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Understanding "Pasture to Plate" - Part Two

POSTED: Apr 6, 2021 CATEGORY: Our Animals How We Ranch
20 05 07 Stemple Creek0065

Part Two: Processing

Our beef cattle spend their whole lives feasting free range on organic forage in our wide open pastures with nothing to do but grow happily grass fat. When they reach ideal harvest age and weight they are ready for harvest.

Conventional animals are harvested at 14-18 months of age, but ours live on pasture until they are about 24-28 months old and weigh around 1250-1350 pounds. Why? The longer the cattle live and grow happily on the land, the more flavorful and higher quality the meat will be. This is just one of the reasons our customers tell us our meat is the best they’ve ever tasted.

We have chosen a grass fed model...

...because we know it is healthier for the animals, land, and ultimately for the consumers who enjoy the fruits of our labor. We think the investment of extra time is well spent. It’s also why grass fed meat costs a bit more, because it requires more time on the land to reach maturity.

When harvest day comes, the animals are trucked to a USDA Certified processing facility. Our animal welfare practices are audited and certified through the Global Animal Partnership (GAP) program. We are proud to have a level 4 certification for our beef that reflects the respect and care our animals receive.

Once harvested, the meat is transported to our retail packing partners for the cut and wrap process. A portion of the meat is divided into sub-primal (larger) cuts destined for restaurants, grocery stores, and specialty butcher shops. Another portion is processed into smaller cuts for our direct-to-consumer program which serves our online store and farmers market customers.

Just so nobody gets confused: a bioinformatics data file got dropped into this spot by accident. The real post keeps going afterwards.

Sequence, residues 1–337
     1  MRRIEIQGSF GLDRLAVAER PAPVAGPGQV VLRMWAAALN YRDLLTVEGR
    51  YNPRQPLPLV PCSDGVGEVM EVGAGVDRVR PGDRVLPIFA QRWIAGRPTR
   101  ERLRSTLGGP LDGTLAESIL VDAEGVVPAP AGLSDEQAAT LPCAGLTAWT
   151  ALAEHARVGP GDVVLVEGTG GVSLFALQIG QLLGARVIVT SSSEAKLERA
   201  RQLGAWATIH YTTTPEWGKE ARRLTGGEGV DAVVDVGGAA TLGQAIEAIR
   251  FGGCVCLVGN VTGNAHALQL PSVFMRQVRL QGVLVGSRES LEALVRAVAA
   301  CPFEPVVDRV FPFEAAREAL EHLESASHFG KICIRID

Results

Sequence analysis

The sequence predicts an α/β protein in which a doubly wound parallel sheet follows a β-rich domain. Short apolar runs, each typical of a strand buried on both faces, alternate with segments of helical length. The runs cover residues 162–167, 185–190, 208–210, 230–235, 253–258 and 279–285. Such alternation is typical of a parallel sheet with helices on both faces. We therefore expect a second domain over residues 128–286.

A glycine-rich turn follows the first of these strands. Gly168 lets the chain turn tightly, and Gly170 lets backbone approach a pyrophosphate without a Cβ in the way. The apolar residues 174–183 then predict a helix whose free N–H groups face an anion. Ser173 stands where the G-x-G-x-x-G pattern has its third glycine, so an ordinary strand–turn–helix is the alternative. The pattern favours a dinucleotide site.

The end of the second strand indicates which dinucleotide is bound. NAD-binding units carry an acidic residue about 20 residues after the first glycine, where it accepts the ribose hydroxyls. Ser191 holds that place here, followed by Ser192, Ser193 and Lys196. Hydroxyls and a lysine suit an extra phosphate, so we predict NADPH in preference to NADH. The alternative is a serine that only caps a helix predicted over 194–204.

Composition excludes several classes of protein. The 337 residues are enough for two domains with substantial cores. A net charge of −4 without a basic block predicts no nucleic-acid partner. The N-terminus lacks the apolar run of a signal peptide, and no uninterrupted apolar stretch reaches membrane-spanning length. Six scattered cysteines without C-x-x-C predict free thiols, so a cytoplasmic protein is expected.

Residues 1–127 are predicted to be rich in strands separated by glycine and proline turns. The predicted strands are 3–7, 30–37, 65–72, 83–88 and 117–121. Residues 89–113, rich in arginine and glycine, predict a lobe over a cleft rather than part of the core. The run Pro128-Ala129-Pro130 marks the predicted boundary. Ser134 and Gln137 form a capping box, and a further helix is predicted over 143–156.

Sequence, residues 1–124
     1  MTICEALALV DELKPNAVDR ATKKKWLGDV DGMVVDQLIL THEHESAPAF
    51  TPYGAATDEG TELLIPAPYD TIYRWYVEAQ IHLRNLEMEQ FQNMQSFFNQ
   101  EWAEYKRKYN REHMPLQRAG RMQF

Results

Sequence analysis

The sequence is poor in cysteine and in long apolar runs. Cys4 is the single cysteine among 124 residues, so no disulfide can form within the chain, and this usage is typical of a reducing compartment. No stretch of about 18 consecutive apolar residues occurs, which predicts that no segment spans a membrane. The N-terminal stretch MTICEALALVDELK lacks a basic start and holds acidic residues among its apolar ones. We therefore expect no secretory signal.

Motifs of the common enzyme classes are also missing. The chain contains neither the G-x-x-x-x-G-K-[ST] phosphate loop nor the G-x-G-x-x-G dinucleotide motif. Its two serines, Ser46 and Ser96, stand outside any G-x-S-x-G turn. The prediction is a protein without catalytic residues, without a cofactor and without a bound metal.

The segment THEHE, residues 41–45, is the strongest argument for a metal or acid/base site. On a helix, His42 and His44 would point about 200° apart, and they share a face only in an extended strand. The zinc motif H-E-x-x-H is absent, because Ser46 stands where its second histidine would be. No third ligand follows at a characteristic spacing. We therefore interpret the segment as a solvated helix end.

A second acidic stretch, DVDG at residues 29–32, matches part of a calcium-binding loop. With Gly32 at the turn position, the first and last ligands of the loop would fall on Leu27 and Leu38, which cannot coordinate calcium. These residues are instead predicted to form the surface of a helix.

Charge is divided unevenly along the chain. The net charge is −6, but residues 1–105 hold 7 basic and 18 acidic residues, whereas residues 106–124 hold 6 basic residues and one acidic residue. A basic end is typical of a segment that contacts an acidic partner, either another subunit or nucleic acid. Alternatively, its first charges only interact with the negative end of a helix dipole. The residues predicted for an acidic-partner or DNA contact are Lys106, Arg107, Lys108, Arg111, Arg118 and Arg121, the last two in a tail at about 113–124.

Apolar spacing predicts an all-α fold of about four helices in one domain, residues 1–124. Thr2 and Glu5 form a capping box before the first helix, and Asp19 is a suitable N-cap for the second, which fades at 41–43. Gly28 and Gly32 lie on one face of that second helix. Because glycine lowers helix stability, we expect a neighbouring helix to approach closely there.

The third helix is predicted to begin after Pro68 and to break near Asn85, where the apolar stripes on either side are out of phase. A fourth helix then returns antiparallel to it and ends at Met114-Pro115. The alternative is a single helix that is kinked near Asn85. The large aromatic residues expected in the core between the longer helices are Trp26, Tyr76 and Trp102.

Our philosophy is to use every part of the animal.

Using the “whole animal” means selling every cut right down to the offal and bones. This can be a challenge for smaller ranchers like us. The demand from wholesale and direct customers is always greater for premium cuts, like Filets, New Yorks, and Ribeyes. For example, it’s not possible for us to provide a plethora of New York Strips to a steakhouse and stay sustainable. We’d have to over harvest the animals and we would end up with an oversupply of cuts that aren’t as in demand, ultimately wasting food and livestock. To combat this, we have built relationships with like-minded butchers, restaurants and customers who also use the whole animal and rare cuts to keep our business sustainable.

Stay tuned for the final installment, Shipping, in our discussion on Understanding Pasture To Plate.